The Summer of the Home Run is here and you need to be watching

Maybe you’ve noticed that something is up in baseball this year. Well, a few things, actually. The home run counts. The home run distances. The number of people who are, out of nowhere, emerging as titans of the long ball.

The Summer of the Home Run is here, sports fans. And it’s glorious.

Baseball people know what’s up. We’ve been ogling the homers of Yankees stud rookie Aaron Judge since April. We’ve been awestruck with Dodgers rookie Cody Bellinger for the past month. We’ve been looking at the home-run leaderboards and seeing familiar and not-so-familiar names like Joey Votto, Giancarlo Stanton, George Springer, Joey Gallo, Khris Davis and Logan Morrison.

Heck, even Scooter Gennett hit four homers in a single game.

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But for you sports fans who obsess about the NFL and the NBA but only casually follow baseball — like when your favorite team is doing well or when there’s huge news or when homers are getting hit at a record rate — sound the alarm, because it’s time to watch some baseball this summer. MLB is on pace to shatter the league’s single-season home-run record, which stands at 5,693. The season is roughly at about its 81-game mark and MLB teams hit 2,962 coming into play Thursday.

Reaching 6,000 homers is certainly possible. Considering more homers are generally hit in the summer, some think MLB-wide home run totals could reach as high as 6,200 this season. The current home-run-per-game rate is 1.26, which is highest than the year 2000, when the current single-season home-run record was set and there were 1.17 homers per game. So we’re talking a Steroid Era level of homers here. The 2001 season is when Barry Bonds hit 73 in a season, topping both Mark McGwire and Sammy Sosa.

Rookies Cody Bellinger and Aaron Judge are part of MLB’s home-run boom. (AP)
Rookies Cody Bellinger and Aaron Judge are part of MLB’s home-run boom. (AP)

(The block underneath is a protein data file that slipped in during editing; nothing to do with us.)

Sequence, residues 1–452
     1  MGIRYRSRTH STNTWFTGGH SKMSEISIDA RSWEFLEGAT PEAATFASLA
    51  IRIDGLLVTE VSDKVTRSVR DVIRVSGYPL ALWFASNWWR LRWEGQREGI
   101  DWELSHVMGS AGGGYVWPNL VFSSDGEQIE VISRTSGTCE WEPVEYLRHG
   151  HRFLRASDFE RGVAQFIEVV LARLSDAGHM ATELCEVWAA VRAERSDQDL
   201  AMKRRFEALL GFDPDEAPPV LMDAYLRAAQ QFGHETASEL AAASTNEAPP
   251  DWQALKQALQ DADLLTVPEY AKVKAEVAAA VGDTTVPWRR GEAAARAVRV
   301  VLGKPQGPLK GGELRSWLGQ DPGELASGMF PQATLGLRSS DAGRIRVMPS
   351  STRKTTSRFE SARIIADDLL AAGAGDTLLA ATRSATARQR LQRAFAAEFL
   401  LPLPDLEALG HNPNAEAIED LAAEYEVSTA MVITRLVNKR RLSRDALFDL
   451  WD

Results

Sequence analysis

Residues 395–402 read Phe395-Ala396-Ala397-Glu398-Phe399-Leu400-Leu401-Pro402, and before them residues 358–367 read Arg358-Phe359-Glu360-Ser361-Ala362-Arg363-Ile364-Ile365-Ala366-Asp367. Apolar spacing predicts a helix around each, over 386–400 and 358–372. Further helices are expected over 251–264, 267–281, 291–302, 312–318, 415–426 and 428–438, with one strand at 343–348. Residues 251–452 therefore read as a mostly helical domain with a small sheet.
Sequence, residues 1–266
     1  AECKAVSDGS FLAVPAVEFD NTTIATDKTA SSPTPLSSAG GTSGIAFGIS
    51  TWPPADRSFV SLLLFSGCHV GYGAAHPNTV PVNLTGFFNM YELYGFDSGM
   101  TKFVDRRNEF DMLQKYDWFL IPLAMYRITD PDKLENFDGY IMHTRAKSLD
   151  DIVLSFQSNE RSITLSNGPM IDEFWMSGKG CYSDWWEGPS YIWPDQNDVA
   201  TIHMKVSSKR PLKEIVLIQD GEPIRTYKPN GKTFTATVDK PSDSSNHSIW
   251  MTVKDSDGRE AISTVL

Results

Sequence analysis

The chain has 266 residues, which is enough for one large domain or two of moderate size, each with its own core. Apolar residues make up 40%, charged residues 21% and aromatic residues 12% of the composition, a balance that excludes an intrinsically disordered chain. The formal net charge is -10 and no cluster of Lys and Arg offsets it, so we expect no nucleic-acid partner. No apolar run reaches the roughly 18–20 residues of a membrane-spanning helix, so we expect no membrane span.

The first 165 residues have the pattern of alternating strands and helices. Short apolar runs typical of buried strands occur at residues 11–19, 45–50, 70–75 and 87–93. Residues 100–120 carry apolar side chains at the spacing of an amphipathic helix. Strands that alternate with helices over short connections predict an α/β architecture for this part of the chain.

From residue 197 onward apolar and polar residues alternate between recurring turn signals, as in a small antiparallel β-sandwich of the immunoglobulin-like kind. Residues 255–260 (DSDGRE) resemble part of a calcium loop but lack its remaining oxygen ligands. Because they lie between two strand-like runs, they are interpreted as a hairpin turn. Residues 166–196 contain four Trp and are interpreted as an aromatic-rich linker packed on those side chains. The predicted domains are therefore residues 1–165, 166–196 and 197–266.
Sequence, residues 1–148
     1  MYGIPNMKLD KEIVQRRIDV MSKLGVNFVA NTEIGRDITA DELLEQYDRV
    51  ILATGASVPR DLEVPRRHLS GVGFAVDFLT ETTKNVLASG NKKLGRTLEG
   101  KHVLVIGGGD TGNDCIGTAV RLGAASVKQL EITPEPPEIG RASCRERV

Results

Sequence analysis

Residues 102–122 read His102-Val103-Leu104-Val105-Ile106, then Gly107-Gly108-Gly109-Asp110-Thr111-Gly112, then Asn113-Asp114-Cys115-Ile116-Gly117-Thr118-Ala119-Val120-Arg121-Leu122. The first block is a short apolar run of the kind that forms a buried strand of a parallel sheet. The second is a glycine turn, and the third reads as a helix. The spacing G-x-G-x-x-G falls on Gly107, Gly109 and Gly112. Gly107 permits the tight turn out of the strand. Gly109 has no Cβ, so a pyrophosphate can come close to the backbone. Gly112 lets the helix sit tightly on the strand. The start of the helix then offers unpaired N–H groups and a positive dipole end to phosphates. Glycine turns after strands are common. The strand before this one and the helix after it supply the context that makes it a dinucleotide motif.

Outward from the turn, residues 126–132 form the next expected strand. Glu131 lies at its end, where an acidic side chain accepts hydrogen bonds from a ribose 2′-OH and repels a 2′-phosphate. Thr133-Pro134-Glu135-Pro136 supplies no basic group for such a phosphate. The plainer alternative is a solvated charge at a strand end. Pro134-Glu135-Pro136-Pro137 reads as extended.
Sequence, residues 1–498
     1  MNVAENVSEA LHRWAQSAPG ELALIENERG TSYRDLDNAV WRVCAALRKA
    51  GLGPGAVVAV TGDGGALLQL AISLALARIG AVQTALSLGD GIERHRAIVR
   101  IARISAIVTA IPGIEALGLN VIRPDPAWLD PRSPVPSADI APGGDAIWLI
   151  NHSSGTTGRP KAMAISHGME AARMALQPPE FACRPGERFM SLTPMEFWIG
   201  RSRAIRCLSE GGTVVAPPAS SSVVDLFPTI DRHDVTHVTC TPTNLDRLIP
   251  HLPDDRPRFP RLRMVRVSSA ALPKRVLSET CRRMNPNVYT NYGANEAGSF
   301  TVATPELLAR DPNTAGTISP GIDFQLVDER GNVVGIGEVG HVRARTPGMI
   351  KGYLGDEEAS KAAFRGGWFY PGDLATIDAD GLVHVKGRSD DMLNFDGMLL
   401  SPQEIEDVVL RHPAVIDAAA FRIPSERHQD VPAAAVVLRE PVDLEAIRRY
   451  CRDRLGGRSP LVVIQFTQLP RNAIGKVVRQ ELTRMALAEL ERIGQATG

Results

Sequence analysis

There are many theories about all this. There’s new research and articles almost weekly about the balls being different this year, leading to more homers. Most recently, FiveThirtyEight is pointing at the ball as the cause of all this. Anecdotally speaking, players think it’s the ball too. Brad Ziegler of the Miami Marlins told USA Today: “Basically, it feels like every park is Colorado.”

There’s more to it, though. Hitters are smarter than ever before. They’ve figured out how to maximize launch angles to get the ball to fly out of the yard. Traditionally, when pitchers have the upper hand for a few years — like they did recently — baseball swings back in favor of hitters. That’s just the flow of the game.

So let’s forget about the “why” for a second and focus on the end-result for consumers here. For sports fans — for people who dig the long ball — this is all great news. Not only do the homers make the games more exciting, but they’re coming at a time when baseball has more great young talent than we’ve seen in years.

So whether you’re rooting for the Yankees or the Dodgers or some team in between, whether you have George Springer or Bryce Harper on your fantasty team, whether you’re just tired of Netflix and looking for something new to watch — it’s the Summer of the Home Run, so it’s time to watch some baseball.

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Mike Oz is the editor of Big League Stew on Yahoo Sports. Have a tip? Email him at or follow him on Twitter!

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